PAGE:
The first day of uni is unlike anything a student experiences during their time at school.
There’s the lack of uniforms, the shops and cafes on campus, the exciting feeling that for the first time they’ve had control in choosing what they study.
Masses of first years sit down eagerly in their first tute, opening up their laptops and cracking open a new pack of Paper Mate Kilometricos.
They’re collectively surprised to find they’re invited to call the tutor by her first name, but what shocks them most comes a few minutes later when they find out how much their resources are going to cost.
$180 for a textbook?! You’re not in Kansas anymore, kiddo.
Most seasoned tertiary students will be quick to complain about just how ludicrously pricey their prescribed resources are (regardless of whether said student decides to buy them). The average Australian full-time student spends $602 per year on textbooks alone. So when a new service comes along that claims to save students hundreds of dollars each year, it sounds like a win for everybody.
Cengage’s latest offering, an educational content subscription service (think Netflix for learning), is helping the company rekindle lost paper sales and help students afford course resources—but is bringing our rental obsession to education a good idea?
The educational content provider filed for bankruptcy in July 2013 after the digitisation of learning led to a decline in demand for paper textbooks. Less than a year later, they eliminated $4 billion of debt and emerged triumphant, ready to take on the education sphere again—with a new goal of becoming 90% digital by 2019.
In a bold move to stay on the technology bandwagon, Cengage has launched a new product: Cengage Unlimited, a Netflix-style content delivery service that claims to save students hundreds per year.
Costing $120 per semester (or $180 annually), students can access 20 000 Cengage products spanning 70 disciplines and 675 course areas. And for those not quite ready to give up physical books, subscribers have the option of renting a copy (at the expense of shipping).
Cengage Unlimited is now giving students a semester’s worth of content for $120, when in days gone by they might have sold a single textbook for that much. How can they be making money?
Well, Cengage CEO Michael Hansen says that this new service will allow them to capture revenue from sales they lose to second-hand book sales, PDF downloads, and rentals—which gave students access to educational content without any revenue reaching Cengage’s wallet. By offering this subscription service, Hansen believes they’ll be able to start recapturing the market.
So, students get access to ‘unlimited’ content for less than the price they would pay for a handful of books, and can still loan paper copies.
But is this truly a win-win situation?
The business model seems to be financially viable, at least at the grand scale: companies like Netflix, Spotify, and our own home-grown Stan show that consumers are happy to pay for subscriptions services.
But is this what we want for our education industry?
Are we heading closer to Peter Frase’s definition of rentism, a futuristic alternative to capitalism where the resources are owned by few and leased to many?
“[Rentism] is based on the extraction of rents rather than the accumulation of capital through commodity production.”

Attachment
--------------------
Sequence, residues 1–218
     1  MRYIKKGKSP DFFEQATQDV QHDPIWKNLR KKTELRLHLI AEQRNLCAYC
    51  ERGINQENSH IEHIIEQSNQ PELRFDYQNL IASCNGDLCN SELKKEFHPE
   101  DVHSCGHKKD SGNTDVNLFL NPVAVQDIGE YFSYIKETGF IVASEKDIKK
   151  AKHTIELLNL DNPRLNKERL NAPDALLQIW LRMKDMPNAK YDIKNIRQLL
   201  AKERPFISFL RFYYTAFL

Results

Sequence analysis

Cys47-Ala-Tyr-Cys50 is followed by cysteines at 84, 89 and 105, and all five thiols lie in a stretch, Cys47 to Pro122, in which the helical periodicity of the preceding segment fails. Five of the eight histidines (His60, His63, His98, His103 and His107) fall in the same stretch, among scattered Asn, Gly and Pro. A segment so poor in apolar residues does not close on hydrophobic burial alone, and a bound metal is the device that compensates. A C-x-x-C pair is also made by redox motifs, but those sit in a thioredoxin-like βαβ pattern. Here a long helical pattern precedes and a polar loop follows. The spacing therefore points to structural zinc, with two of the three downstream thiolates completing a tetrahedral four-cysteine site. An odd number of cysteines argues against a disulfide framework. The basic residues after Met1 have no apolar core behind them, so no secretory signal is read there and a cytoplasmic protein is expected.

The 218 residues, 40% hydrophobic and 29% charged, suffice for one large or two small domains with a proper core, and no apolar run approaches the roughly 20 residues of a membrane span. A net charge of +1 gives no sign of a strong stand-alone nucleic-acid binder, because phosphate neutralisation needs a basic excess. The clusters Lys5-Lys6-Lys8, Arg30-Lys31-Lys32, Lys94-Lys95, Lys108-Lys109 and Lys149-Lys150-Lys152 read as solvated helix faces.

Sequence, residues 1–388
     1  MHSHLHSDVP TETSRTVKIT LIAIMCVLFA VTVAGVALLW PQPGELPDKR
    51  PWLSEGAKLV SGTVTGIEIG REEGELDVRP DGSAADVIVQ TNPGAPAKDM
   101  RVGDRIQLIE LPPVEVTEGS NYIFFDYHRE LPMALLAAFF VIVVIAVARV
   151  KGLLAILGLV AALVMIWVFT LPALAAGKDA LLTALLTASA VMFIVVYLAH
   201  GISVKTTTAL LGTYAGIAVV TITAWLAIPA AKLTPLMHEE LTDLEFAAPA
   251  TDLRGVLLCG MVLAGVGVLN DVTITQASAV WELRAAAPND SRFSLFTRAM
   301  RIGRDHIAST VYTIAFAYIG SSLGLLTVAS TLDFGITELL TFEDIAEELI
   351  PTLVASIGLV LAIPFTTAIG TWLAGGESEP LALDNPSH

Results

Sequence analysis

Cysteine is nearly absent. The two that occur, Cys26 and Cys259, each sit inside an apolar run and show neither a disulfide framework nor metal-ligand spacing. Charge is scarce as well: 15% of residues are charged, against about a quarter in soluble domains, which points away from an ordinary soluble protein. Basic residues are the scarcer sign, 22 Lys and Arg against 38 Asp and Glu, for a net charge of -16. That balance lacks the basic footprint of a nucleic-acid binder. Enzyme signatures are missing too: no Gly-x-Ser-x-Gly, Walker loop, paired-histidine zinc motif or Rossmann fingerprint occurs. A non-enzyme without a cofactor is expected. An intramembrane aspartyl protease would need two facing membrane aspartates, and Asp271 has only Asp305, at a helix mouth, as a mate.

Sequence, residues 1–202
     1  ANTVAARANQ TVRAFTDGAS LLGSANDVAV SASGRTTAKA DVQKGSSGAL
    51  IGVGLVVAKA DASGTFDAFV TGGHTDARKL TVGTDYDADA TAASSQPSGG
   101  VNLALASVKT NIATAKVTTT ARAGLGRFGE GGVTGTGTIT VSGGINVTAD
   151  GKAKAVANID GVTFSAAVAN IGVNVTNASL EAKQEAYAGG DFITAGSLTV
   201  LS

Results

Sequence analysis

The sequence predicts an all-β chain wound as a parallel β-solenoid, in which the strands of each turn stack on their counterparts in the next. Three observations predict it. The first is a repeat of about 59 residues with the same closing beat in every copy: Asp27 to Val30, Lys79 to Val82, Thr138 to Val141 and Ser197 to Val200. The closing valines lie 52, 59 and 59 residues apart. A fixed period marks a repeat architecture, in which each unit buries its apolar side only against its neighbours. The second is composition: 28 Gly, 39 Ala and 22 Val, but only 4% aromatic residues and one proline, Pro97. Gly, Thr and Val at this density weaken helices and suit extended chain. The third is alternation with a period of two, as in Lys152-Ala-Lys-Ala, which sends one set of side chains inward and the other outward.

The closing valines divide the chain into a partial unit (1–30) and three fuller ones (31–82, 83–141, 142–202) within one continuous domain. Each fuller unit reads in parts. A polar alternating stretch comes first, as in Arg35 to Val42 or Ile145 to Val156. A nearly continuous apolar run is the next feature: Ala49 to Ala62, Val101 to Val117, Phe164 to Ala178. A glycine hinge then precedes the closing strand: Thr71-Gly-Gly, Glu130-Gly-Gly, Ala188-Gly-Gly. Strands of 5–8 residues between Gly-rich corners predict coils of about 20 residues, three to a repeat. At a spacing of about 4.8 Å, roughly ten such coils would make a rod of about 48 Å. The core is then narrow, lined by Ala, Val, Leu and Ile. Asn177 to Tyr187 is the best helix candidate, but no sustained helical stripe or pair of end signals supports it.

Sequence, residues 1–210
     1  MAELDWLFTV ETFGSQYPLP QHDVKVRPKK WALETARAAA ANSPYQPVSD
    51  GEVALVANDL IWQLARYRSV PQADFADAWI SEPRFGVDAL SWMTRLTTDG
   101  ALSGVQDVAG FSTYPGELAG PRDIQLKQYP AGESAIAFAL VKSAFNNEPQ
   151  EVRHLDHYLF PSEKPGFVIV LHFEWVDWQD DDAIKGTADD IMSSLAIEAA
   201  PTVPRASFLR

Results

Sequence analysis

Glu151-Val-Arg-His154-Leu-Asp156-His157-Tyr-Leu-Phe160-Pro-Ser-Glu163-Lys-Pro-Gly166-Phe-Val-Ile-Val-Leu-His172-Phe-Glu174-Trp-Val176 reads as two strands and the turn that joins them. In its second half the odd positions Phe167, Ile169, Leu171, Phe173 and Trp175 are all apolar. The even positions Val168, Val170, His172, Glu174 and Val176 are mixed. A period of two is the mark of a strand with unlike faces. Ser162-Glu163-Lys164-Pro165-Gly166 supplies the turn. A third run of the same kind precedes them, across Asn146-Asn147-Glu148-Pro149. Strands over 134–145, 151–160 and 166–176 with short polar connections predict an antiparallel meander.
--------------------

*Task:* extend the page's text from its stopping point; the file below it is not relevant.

There’s a big difference between renting entertainment content curated by Netflix and renting educational content from a single publisher who controls what resources are available. A grand scale implementation of a product like Cengage Unlimited could see the end of educational content diversity.
Cengage have a team of 675 sales reps who go by the title of learning consultant. They make on-site visits to training and education faculty, convincing them that Cengage Unlimited is the best choice for their students.
Hansen claims that educators are concerned with three things:
It seems Cengage is hitting the first two points on the head; they’re renowned worldwide for their exceptional educational content, and Cengage Unlimited certainly appears to be a financial win for many students.
But what about content freedom?
“For introduction to psychology, we have 12 different books. I mean, I'm not a psychologist, but I can tell you there are not 12 different ways to teach introduction to psychology.” - Cengage CEO Michael Hansen
By choosing a subscription service like Cengage Unlimited to deliver content to their students, teachers become limited in the range of resources they can use in the classroom—which is just how Cengage likes it.
“We work with faculty to convince them what the best technology is and what the best content is to teach the students.” - Cengage CEO Michael Hansen
Cengage Unlimited sounds like a great idea—and for the most part, it is.
But instead of the solution being a subscription service that locks students into predetermined content (of course, they can always fork out more money to diversify their materials), how about tackling the issue in a different way?
On average, Australian students pay 35% more for textbooks than those studying overseas.
Parallel import restrictions limit booksellers in how they source their textbooks. If the book has been published in Australia, retailers are unable to import a cheaper copy from overseas—giving the Australian Publishers Association control over the prices students must pay.
Instead of embracing subscription services like Cengage Unlimited, our industry should strive to make textbooks more affordable for its students. Learners shouldn’t be coaxed into narrow subscription services which discourage the external sourcing of content.
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